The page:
A K Biswas
(First published in 'Mainstream Weekly' in September 2010)
"If someone takes someone's life (deliberately and not accidentally) then he forfeits the right to his life".
~ John Stuart Mill
The judgment delivered by a Division Bench in quadruple murders of members of the Bhotmange family, village Khairlanji, district Bhandara in Maharashtra left everyone with a sensitive mind shocked and dismayed. Surekha Bhotmange and her 18-year-old daughter and two sons, including one who was disabled, were brutally murdered by an upper-caste mob on September 29, 2006.
The Bench concluded that the accused, who were sentenced to death by the District and Sessions Court, Bhandara, were not driven by hatred against the Bhotmange family members, who were Scheduled Castes. The High Court held that the accused took revenge! This sounds like a joke widely prevalent in pre-independence India. The bureaucracy often termed starvation death as death due to malnutrition.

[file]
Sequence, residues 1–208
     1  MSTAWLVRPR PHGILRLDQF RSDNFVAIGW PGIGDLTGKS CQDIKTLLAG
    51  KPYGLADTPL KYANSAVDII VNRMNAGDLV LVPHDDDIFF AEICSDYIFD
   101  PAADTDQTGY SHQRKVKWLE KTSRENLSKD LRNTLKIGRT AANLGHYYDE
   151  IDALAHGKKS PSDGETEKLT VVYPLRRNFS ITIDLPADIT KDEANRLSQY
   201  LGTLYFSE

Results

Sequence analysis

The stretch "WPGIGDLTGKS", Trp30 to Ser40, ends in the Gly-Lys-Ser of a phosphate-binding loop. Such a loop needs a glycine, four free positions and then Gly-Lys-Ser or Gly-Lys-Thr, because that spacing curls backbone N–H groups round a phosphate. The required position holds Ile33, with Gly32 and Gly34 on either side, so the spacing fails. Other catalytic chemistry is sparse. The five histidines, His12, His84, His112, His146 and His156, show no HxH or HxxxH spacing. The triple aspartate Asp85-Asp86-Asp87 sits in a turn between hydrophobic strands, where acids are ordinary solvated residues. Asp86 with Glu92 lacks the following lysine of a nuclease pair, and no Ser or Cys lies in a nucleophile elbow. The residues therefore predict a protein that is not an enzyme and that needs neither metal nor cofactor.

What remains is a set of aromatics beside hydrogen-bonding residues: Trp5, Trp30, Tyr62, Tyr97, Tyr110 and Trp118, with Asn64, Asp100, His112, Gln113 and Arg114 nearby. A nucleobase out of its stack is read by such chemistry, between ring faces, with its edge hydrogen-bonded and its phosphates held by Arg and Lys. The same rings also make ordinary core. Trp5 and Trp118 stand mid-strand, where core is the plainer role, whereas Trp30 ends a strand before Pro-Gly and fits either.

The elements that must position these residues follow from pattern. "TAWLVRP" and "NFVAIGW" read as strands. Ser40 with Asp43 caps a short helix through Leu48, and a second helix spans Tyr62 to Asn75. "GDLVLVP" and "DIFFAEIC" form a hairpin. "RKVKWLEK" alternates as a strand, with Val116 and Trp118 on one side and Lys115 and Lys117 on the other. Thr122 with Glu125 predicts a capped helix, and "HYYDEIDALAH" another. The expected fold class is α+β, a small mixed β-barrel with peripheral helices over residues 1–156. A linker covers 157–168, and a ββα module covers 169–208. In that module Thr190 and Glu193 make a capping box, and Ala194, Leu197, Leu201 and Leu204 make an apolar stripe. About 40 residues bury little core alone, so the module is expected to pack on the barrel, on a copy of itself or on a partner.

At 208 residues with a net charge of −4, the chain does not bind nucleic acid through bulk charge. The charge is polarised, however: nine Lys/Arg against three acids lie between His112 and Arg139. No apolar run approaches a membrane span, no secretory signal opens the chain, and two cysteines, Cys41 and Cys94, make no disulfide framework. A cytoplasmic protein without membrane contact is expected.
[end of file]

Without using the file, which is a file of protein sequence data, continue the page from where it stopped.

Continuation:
Justice and fairness of treatment for the victims belonging to the socially disadvantaged is practically non-existent in India. In denying justice, very sound and cogent reasons and arguments couched in ceremonial legalese are advanced on behalf of the aggressors to satisfy analytical quest. However, the caste system, needless to note, prompts discrimination, which undoubtedly is the root cause for denial of justice to the Dalits and adivasis. Khairlanji is a case in point.